Liberty is the only true law
THE Kashish film festival opened on Wednesday night, with a grand ceremony at teh city’s Liberty theatre, near Bombay Hospital. The venue played a huge part in making the occasion a historical one. Liberty’s owner Nazir Hoosein had stated that he was delighted to do things differently and said he felt overwhelmed by the standing ovation he received from the audience.
SPOT ON: Pallav Patankar. Pic/Sameer Markande
Yet it was up to activist Pallav Patankar to tell it like it is: “It seems like poetic justice that after the Supreme Court effectively reinstated Section 377 (criminalising homosexuality) we are having a Lesbian Gay Bisexual Transgender (LGBT) film festival at a cinema called Liberty.” Oratory? Never in short supply at Kashish. The festival’s film director Sridhar Rangayan had said, pre-fest at a press conference, that he always dreamt of the festival going mainstream, where audiences would watch LGBT films in theatres just like they do at other cinema venues, with popcorn and coffee. Well, there was popcorn and coffee on Wednesday night. Popcorn went at Rs 30 a packet, while the coffee was Rs 25. Much, much less than what you pay at multiplexes these days.
One more reason for supporting single-screen theatres, perhaps.
Roar and score
INDIAN Premier League (IPL) Mumbai Indians bowler Pragyan Ojha has become the latest brand ambassador for People for the Ethical Treatment of Animals (PETA).
CAGE RAGE: Pragyan Ojha is all made up and ready to roar
The left arm spinner spoke out for animals who suffer in zoos, says PETA, In a campaign, Ojha appears locked in a glass zoo enclosure with parts of his face and arms painted with tiger stripes. The caption reads, “Save the Tiger: Say No to Zoos”, and the ad goes on to proclaim, “Save animals by protecting their natural habitats, not by imprisoning them in zoos.” He added, “Animals are like prisoners in the zoo. They have limited place to move around. They are not comfortable. They are just cramped up, which is not natural, I feel animals belong to a natural habitat. They don’t belong to a closed environment. If we stop going to zoos and stop encouraging people from going to the zoo, it will help in that cause.” Aiga! Listen to this tiger.
A piece of history
OUR in-house scavenger of old books and magazines found himself another treasure — a February 1966 issue of Life international magazine covering the death of India’s second Prime Minister Lal Bahadur Shastri.
Life printed a touching colour photograph of Shastri’s widow mourning her loss with the late PM draped in the India flag. The eight-page coverage of Shastri’s death includes a huge photograph of his eldest son beside the funeral pyre. It is well documented that Shastri’s January 11, 1966 death was a mystery that occurred just after the Tashkent agreement was signed with Pakistan, a country that’s in the news today with Narendra Modi inviting its Prime Minister Nawaz Sharif for his swearing-in ceremony.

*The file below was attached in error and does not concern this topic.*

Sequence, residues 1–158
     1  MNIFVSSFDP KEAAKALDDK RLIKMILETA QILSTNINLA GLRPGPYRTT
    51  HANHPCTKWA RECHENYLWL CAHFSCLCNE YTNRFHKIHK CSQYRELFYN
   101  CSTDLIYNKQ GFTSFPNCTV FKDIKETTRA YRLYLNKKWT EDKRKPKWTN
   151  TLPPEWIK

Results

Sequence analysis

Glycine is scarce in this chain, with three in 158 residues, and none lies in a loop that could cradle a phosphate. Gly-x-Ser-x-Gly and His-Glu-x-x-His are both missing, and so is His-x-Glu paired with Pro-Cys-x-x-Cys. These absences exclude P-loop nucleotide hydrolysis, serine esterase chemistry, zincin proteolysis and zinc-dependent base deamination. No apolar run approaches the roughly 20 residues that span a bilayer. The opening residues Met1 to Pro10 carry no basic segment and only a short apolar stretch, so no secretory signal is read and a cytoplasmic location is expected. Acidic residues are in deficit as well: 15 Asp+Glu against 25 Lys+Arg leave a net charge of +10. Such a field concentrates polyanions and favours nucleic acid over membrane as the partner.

The Life report said: “ ‘After the signing, the mood that night in Tashkent,’ cabled Life Moscow Correspondent Peter Young, ‘was one of joyous triumph. Indian, Pakistani and Soviet delegations crowded banquet tables top-heavy with shashlik, plov, chebureki, cognac and Uzbekistan wines. Noisy toasts competed with the wail of singers and gijak players as Uzbek girls danced in glittering native dress.’ Then, only hours after that celebration, Shastri (61) had a heart attack.”
Say (ca)shew to nuts!
RAIN. That word is sure to get ears perked up, as we swelter in the city. While we long for a breath of monsoon breeze, apparently our neighbours to the south are having a little too much in the way of wet weather. We had mentioned recently that Mumbaikars holidaying in Goa could visit the state’s first coconut and cashew festival from May 21 to 25.
Well, it seems heavy rain and stormy weather have put paid to those plans, and the festival has been called off until further notice. Goa Tourism says they will hold it later, but considering that it is cashew season right now, we don’t fancy it happening later in the year. Next time, scheduling it not so close to the start of the monsoon may help, eh?
And if they could send some of that weather this way....
APART from the civic health department, it is also the duty of developers or builders to restrict mosquito breeding on their construction site. Mosquitoes are the cause for the spread of malaria and dengue, and stagnant water is an ideal breeding ground for them. Currently there are about 2,588 construction sites in the city, and the BMC has issued notices to 474 developers while FIRs have been filed against 145 developers who have not taken the step of spraying anti-mosquito oil. In a few cases the civic body charges them for spraying done by its own staff, to prevent mosquito breeding. The crackdown pays off in one way at least — in the past month the BMC has recovered Rs 3 lakh from developers by way of fines. We wonder if that hurts as much as do the bites from the Culicidae family members.
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